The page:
Some legal scholars seem to believe that China historically did not develop any sophisticated contract laws. My research and review of contemporaneous records of laws on contractual relationships as well as archeological evidence of extant contracts from the Tang Dynasty (618 to 907 CE) show that dynastic China had developed a body of sophisticated contract law at least by the Tang Dynasty. Evidence shows that the Tang rulers regulated contractual relationships extensively. They issued rules on people’s capacity to contract and subject matters of contracts. Tang laws imposed certain contract formalities and procedural requirements for certain important transactions. They also imposed warranties of quality in some sales contracts. Extant contracts from the Tang Dynasty reveal that Tang Chinese conceptualized their commercial relationships in legal terms and used contracts to protect their interests and to allocate risks between themselves, like their modern counterparts. The Tang rulers’ regulation of contracts was aimed at maintaining the desired social structure and stability, and promoting the moral teachings about trustworthiness.
About the Speaker:
Prof. Chunlin Leonhard is Léon Sarpy Distinguished Professor of Law at Loyola University New Orleans College of Law. She teaches primarily UCC Article 2 (Sales), UCC Article 9 (Secured Transactions), Business Organizations, and Evidence. In 2019, Professor Leonhard won a Fulbright grant to research contract law during the Tang Dynasty (618 to 907 CE) in China. Prior to joining the Loyola faculty, Prof. Leonhard taught commercial law at multiple universities including Loyola University Chicago School of Law and Peking University. Her scholarship focuses on examining contract law issues in cross cultural context as well as the impact of behavioral economics research on common law contract law. Her articles on U.S. contract law and commercial law topics have been published in multiple law reviews.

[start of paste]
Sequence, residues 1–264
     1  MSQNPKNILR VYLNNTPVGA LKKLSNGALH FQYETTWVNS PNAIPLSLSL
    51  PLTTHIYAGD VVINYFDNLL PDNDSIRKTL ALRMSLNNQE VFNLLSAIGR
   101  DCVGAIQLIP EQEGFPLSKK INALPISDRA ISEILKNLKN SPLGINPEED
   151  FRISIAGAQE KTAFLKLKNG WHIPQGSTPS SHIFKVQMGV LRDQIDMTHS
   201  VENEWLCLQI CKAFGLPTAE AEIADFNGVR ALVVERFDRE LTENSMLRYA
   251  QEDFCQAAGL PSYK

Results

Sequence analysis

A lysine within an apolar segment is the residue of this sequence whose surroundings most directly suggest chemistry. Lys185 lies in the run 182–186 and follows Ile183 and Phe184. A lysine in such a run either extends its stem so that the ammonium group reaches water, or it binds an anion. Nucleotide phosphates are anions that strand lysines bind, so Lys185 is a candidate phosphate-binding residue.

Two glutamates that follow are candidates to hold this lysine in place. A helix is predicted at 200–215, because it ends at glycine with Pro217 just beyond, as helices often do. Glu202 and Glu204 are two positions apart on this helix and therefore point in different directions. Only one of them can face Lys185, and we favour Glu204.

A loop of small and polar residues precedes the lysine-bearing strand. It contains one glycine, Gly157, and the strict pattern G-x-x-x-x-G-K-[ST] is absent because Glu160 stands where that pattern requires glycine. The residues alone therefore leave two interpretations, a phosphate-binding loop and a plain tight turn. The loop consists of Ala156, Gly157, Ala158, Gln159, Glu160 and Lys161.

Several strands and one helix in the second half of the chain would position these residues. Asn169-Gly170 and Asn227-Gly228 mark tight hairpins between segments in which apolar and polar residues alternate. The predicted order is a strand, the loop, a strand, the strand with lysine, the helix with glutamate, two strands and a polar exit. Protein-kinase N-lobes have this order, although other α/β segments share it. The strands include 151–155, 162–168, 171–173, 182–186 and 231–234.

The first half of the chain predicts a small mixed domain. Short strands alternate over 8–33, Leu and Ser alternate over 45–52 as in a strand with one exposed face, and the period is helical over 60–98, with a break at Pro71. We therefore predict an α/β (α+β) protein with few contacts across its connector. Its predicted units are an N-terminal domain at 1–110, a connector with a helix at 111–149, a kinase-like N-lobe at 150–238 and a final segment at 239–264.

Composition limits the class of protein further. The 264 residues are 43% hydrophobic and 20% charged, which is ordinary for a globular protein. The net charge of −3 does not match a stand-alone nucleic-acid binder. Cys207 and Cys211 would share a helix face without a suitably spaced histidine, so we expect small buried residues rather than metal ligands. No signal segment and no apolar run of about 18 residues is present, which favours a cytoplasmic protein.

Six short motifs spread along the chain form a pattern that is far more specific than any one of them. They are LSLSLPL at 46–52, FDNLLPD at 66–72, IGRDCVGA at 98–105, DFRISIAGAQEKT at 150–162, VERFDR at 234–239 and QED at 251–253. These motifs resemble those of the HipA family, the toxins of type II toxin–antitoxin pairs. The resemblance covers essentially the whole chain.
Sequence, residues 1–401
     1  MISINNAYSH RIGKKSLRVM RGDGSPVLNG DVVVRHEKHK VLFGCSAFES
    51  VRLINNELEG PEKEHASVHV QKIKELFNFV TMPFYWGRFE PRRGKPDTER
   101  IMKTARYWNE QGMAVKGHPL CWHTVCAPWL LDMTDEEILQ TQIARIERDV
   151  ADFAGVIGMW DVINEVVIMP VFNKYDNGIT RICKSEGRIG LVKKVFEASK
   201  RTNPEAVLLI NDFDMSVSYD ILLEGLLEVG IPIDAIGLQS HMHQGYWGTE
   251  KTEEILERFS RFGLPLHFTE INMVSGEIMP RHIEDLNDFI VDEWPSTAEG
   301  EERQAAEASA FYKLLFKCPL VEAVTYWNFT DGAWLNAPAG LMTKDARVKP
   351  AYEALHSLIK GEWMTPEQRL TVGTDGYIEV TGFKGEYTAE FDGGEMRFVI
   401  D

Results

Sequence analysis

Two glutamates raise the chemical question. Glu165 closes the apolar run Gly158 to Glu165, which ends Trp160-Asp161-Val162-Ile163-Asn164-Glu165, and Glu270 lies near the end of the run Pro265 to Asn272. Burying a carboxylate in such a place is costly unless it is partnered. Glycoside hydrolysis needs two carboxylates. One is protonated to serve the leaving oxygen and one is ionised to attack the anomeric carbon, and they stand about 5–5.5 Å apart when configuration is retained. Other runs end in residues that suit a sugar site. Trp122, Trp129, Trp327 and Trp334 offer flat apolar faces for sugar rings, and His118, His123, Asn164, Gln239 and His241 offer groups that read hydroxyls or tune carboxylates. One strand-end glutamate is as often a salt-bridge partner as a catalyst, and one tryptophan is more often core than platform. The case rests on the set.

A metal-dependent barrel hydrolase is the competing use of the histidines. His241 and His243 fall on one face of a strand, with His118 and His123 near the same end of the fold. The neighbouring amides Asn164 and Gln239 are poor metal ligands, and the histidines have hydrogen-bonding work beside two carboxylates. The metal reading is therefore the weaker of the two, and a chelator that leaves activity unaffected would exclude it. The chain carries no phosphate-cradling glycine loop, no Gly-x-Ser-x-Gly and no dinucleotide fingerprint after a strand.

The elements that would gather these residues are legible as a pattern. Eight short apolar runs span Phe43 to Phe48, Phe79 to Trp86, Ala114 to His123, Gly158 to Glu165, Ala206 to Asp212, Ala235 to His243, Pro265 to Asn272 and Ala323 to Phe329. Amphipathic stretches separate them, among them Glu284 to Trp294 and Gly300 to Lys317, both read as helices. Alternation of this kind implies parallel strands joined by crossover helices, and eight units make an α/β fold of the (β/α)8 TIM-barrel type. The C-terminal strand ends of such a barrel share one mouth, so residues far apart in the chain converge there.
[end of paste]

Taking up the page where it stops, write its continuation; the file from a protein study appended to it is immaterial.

Prof. Leonhard received her juris doctorate degree, magna cum laude, from Boston University. She began her legal career with the law firm of Latham & Watkins, LLP, in its Chicago office in 1996 after having clerked for one year for the Honorable Christopher J. Armstrong of the Massachusetts Appeals Court in Boston. She joined the Chicago office of Sonnenschein, Nath & Rosenthal, LLP (now part of Dentons, a global law firm), in 1999 and was promoted to partner in 2006. Prof. Leonhard grew up in central China and graduated from Shanghai Foreign Languages Institute (now, Shanghai International Studies University) before immigrating to the United States in the late 1980s.
The Law Society of Hong Kong has awarded this seminar 1.5 Continuing Professional Development (CPD) points.